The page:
Unfortunately for one disgruntled snow beast, there isn’t a whole lot to do on the mountain aside from snoring or comparing relative foot size (big, bigger, biggest).
Tobogganing all the way down on his prodigious rump, Snow Beast lands in town to start his search for a friend. Snow Beast is as large as a three-story building, and his voice is just as huge. Despite having the conversational skills of a caveman—“SNOW BEAST WANT PLAY!”—Snow Beast appears to know a lot about the rules of friendship, such as always starting with “Hello,” and “to try to join in.” Nevertheless, Snow Beast’s overtures of friendship are rejected by everyone—from the five o’clock shadowed snow-shoveler to the shrieking Christmas-light committee. Penny, a little white girl who loves snow but knows enough to be wary of snow beasts, screeches and runs after his bellowed, “HELLO!!” But when Snow Beast starts crying, Penny, despite her dog’s advice to the contrary, invites the beast to play. And that’s about it, as far as plot is concerned. Gosier’s spare illustrations evoke the animation style of the 1950s. Speech bubbles capture the scant lines of dialogue as well as every screech, shriek, and howl of the terrified townsfolk.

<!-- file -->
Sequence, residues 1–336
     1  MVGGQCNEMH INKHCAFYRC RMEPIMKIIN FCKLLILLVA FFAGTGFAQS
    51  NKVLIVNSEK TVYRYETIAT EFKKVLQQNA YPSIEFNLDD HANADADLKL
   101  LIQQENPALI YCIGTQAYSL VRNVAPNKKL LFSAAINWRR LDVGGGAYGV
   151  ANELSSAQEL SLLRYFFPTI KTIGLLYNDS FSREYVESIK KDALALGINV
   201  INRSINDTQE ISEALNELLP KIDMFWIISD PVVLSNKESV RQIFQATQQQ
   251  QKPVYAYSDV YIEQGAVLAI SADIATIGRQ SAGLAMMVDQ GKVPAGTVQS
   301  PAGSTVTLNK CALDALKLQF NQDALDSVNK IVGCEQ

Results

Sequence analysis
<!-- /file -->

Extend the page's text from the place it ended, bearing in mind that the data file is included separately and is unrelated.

The lack of adventure and the pat, pedestrian resolution makes this an ineffective if well-intentioned appeal to get past the unreliability of first impressions.(Picture book. 4-6)